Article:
I’ve advised people for years not to sign the other side’s purchase orders, acceptances, quotations, and other ordering documents unless the documents have been fully negotiated. That’s because it puts you at a huge disadvantage in the battle of the forms.
I’ve also advised people to negotiate terms that are essential–even if they don’t sign a fully-negotiated contract–and have both parties sign a document setting out those terms, because you can’t win the battle of the forms. So if–as a seller–a 12-month limited warranty and liability cap in the amount of your product’s purchase price are important to you, you should make sure that you and your buyers sign contracts agreeing to those terms. Otherwise, you’ll probably end up with a broad, four-year warranty and unlimited liability (the defaults under Article 2 of the Uniform Commercial Code, which governs contracts for the sale of goods).
Don’t sign that document!
These thoughts came to mind when I read a case recently where a buyer signed the seller’s quotation, thus ostensibly negating a term in a contract the parties had signed previously. In that case the parties had negotiated and signed a “non-disclosure agreement, financing and supply agreement.” It’s unclear from the court’s opinion whether the document dealt only with confidential information or whether it also contained a framework for the later transaction. What is clear is that the parties anticipated a later document to control the terms and conditions of the transaction.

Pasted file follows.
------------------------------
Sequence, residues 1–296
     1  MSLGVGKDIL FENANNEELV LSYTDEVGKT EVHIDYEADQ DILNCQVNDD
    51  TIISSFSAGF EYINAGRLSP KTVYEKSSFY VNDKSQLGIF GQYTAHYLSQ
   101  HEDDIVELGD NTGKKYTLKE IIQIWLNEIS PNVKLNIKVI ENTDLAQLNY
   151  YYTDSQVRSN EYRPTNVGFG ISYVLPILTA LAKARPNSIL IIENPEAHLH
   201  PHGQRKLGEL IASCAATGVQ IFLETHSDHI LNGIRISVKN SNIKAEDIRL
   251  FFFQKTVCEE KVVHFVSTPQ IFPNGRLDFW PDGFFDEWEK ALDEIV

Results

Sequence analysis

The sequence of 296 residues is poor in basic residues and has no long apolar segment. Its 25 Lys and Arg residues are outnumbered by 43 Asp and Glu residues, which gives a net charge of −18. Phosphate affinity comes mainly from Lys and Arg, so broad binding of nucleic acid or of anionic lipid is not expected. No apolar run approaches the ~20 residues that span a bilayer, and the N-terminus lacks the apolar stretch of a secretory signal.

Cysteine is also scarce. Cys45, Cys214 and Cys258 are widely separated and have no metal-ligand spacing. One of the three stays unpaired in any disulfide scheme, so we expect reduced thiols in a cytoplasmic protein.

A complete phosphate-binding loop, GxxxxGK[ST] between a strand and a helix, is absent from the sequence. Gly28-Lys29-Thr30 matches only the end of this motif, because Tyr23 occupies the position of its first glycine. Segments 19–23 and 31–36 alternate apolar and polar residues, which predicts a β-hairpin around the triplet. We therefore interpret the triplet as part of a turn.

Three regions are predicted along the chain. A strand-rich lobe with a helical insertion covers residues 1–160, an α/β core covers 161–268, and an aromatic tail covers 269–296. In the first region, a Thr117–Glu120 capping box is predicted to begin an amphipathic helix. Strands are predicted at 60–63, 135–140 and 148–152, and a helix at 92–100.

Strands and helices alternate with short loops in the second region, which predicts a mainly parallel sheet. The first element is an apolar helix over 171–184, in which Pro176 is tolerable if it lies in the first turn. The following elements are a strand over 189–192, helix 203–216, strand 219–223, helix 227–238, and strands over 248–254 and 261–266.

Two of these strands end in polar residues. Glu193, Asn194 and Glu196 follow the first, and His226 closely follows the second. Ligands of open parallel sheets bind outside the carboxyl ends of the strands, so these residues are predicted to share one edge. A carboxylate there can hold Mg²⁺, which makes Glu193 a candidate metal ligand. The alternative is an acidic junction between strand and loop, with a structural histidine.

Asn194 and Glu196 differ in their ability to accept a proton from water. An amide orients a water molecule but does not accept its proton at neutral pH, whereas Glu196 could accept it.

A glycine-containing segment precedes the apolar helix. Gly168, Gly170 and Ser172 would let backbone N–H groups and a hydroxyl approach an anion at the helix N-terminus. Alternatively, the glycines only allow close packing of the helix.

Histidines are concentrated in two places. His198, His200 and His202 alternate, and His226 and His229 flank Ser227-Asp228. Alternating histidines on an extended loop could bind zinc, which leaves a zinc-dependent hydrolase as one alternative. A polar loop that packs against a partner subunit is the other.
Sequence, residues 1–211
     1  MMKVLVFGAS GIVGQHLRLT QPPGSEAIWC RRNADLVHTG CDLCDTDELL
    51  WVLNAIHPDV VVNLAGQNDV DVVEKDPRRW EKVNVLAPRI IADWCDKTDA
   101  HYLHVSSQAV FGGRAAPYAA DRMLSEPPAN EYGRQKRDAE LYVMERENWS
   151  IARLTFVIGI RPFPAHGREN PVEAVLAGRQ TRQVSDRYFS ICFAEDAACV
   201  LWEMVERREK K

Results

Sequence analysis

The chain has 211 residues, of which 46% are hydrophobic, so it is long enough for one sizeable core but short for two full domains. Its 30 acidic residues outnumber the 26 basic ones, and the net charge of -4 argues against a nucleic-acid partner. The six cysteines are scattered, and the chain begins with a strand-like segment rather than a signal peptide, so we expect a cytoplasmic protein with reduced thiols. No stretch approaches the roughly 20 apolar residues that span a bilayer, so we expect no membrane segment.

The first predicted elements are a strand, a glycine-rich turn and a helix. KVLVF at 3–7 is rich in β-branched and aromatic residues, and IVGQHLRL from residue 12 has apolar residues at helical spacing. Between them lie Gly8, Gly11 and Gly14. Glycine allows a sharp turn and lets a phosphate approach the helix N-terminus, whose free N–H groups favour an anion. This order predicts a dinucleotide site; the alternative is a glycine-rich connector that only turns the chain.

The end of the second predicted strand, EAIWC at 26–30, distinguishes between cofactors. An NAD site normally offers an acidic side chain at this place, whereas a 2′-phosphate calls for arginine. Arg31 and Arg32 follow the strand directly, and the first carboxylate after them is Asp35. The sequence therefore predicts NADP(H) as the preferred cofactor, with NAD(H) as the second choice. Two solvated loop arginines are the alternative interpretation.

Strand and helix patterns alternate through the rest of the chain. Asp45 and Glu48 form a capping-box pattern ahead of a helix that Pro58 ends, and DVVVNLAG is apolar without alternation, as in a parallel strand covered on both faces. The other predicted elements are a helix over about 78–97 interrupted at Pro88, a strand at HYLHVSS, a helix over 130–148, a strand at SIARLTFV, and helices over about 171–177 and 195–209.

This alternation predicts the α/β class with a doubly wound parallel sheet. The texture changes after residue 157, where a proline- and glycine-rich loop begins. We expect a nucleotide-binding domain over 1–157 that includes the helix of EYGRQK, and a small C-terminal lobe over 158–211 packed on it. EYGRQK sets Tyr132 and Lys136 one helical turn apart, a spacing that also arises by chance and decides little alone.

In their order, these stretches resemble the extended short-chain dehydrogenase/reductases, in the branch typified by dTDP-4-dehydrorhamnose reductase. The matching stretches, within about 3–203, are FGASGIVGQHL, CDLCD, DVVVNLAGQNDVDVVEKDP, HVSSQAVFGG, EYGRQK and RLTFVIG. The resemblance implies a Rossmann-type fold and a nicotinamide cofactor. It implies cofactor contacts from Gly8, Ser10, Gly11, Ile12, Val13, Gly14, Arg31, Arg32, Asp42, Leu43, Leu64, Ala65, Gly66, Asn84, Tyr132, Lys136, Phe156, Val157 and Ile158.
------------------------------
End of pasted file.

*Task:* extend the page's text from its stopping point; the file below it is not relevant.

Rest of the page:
That document came in the form of two quotations that the sellers presented to the buyers for signature. The quotations detailed the scope of work, schedule of payments, and terms and conditions of sale. From the opinion, these terms and conditions appear to have been standard, non-negotiated terms. The buyers signed the quotations. When the business relationship went south, the sellers sued the buyers’ principals in the Circuit Court of St. Louis County, relying on the quotations’ forum selection clause. A week later, the buyers instituted arbitration proceedings, which were provided for under the non-disclosure agreement. The sellers moved to stay the arbitration on the grounds that no valid and enforceable arbitration agreement existed between the parties, and the buyers moved to compel arbitration.
At issue was whether the forum selection clause in the quotations superseded the arbitration clause contained in the earlier-signed non-disclosure agreement. The court held that the forum selection clause in the later-signed quotation was inconsistent with the arbitration clause in the earlier-signed non-disclosure agreement. Since the quotation was signed later, it superseded the non-disclosure agreement. Thus, there was no enforceable arbitration agreement.